Last winter I made my first vinegar with Kate Payne, author of Hip Girl’s Guide to the Kitchen, while in Austin TX. I was an experienced winemaker, and luckily never had a wine go acetic on me, which is a common mishap for the novice winemaker.
When I arrived at Kate’s, she brought out an array of homemade vinegars accompanied by sparkling water, and we tasted each. I brought an organic grapefruit from Arizona and smudge sage from Oregon to turn into vinegar. Though Kate was concerned the high acidity of the grapefruit might stunt fermentation, after researching, we decided to double the sugar to assure plenty of edible interest for the microorganisms.
Vinegar is also known as acetic acid, the primary bacterial component. It adds a complex, acidic flavor and has many uses in food, from salad dressings to sauces to deglazing a pan to making canned pickles. In fact, we call canned pickles pickles because vinegar introduces tanginess—a tanginess that originates from fermentation.
Vinegar is simple: the primary ingredients are sugar, water, and air—fermented to alcohol and further fermented with the addition of acetic acid bacteria. The addition of air introduces Acetobacter (acetic acid bacterium), but I recommend inoculating with raw vinegar for more consistent and reliable flavor. You can source raw vinegar from your local grocery store. Brag apple cider vinegar is a brand that contains live, active bacteria and yeast.
Kate sent the recipe notes for each of our vinegars last month, and I’ve been excited to share. Mine turned to a fine vinegar for cooking and shrubbing. Kate claimed she and her wife downed it as bubbly booze! You are welcome to enjoy yours either way.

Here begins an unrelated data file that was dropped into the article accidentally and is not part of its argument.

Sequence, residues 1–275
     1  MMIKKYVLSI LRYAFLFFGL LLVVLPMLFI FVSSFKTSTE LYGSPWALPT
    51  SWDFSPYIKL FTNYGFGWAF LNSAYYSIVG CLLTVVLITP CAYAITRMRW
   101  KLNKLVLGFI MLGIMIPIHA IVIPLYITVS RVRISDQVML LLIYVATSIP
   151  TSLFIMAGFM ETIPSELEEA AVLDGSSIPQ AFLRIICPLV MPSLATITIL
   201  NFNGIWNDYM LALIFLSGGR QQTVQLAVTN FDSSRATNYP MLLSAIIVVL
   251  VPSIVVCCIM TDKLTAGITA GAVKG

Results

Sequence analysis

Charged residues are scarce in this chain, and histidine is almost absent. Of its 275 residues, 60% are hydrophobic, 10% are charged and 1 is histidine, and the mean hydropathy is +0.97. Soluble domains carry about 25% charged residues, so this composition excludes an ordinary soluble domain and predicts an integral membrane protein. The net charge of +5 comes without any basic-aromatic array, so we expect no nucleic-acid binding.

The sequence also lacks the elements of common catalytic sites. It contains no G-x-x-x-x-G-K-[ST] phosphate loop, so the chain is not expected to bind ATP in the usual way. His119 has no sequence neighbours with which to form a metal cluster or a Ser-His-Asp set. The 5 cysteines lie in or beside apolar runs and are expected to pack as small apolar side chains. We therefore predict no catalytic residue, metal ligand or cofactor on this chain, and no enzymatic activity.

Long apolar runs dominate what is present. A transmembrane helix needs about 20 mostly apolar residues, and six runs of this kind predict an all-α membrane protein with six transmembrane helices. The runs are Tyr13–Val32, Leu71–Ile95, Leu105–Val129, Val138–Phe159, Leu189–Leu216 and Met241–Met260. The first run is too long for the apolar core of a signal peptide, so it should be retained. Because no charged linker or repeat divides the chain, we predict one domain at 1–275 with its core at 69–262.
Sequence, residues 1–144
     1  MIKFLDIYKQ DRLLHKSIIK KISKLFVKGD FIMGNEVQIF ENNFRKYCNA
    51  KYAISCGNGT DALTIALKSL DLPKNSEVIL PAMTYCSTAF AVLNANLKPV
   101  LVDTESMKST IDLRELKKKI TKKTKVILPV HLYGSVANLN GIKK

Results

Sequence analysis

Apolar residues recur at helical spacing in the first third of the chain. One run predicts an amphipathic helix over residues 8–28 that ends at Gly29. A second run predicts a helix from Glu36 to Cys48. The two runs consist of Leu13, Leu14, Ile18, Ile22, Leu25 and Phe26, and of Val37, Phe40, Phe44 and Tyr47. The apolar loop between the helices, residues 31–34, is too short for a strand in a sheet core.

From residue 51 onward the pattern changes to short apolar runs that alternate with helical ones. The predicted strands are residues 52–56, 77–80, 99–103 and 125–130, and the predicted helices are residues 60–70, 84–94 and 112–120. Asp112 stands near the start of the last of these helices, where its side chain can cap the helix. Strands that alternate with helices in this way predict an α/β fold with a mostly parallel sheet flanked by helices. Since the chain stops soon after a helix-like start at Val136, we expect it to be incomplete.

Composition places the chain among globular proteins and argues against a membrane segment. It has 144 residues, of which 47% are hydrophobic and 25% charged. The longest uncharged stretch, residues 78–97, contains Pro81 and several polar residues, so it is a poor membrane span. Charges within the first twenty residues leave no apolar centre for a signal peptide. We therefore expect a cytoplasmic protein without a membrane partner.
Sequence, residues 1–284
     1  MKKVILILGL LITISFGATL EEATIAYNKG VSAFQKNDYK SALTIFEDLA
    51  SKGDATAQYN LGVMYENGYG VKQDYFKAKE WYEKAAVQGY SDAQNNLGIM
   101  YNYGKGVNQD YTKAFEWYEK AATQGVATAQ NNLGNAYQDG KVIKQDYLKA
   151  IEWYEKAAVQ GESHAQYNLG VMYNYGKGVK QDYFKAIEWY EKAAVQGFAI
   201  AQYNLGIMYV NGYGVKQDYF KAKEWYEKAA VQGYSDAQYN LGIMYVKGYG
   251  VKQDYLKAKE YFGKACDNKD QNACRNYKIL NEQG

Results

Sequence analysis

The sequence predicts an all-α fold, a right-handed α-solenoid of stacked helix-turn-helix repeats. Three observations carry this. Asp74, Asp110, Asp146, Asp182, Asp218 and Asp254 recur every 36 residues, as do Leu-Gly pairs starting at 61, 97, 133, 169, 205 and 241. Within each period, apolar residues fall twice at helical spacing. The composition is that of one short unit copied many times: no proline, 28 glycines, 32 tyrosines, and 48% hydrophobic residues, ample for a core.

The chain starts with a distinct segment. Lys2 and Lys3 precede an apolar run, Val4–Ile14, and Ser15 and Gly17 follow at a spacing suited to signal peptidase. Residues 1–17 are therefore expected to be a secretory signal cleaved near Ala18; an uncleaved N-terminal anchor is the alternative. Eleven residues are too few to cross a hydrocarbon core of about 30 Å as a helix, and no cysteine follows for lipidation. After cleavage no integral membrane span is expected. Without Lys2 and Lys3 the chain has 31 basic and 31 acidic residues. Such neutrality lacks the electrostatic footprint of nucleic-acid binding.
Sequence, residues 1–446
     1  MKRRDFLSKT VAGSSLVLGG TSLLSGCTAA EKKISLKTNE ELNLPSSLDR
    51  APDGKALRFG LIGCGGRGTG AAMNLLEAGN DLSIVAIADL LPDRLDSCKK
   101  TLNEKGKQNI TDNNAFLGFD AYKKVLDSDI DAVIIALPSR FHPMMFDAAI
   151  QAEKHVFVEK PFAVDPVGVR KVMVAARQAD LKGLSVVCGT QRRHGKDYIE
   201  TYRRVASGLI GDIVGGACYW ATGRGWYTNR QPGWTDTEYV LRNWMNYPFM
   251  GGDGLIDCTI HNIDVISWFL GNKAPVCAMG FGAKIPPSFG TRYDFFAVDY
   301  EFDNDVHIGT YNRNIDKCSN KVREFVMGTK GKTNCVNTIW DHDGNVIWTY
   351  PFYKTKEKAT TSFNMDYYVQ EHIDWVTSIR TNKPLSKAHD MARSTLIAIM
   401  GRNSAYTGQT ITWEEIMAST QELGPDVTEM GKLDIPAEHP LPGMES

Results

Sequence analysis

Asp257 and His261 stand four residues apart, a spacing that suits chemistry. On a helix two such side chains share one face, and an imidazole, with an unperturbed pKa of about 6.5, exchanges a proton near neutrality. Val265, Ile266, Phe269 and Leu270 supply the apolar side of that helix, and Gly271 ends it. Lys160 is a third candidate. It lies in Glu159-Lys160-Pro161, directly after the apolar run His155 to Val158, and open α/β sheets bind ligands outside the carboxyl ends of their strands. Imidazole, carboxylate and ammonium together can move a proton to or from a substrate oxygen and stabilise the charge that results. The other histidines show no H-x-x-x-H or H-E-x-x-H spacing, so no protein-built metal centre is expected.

Yields 1 quart, 1-3 months
1 quart water
1/2 cup sugar (note we doubled because of acidity concerns)
1 tbsp crushed sage
1/2 inch ginger
SCOBY or raw vinegar (optional)
one qt glass jar
tea towel and rubberband
1) Bring 2 cups of water to a boil on the stove top. Add sage and ginger to the water and let steep for 10 minutes.
2) Strain sage and ginger and dissolve 1/2 cup of sugar in the hot tea.
3) Shave 2 tbsp of grapefruit rind, add to sweet tea. Squeeze juice from the grapefruit into tea.
4) Transfer sweet tea to quart jar and 2 tablespoons of shaved grapefruit rind and squeeze all the juice of the grapefruit into the tea. Top off with water and cover with a tea towel and rubber band or a plastic Ball-jar lid.
5) Place a tea towel and rubber band on your brew and let sit for a month or two. It will have a period of being bubbly and boozy before it crosses over to the vinegar side.
6) Let the mixture naturally ferment for a few weeks. Once the ferment shows signs of activity and has a boozy scent and flavor, after 1–2 weeks, simply let it ferment wildly or add the optional raw vinegar to minimize the possibility of off flavors.
7) The warmer the temperature and larger the surface area exposed to air, the faster it will acetify. The final fermentation for one quart can take anywhere from 1 to 3 months.
8) Once the alcohol is fully converted to vinegar, store it in a sealed container. Oxygen will cause the vinegar to spoil. If you are patient enough, you can age your vinegar for a year or two, which I like to do. The flavor develops deeper, richer flavor notes with age.
My vinegar matured in one month, I used raw vinegar to speed it up and bring consistency. This is mostly because things on the bus get shaky, so an open container for too long can be a little much to look after.
If you would like to enjoy yours on the boozy side, taste regularly during the fermentation process to see when you like the taste best.
E-mail me if you have any questions: firstname.lastname@example.org.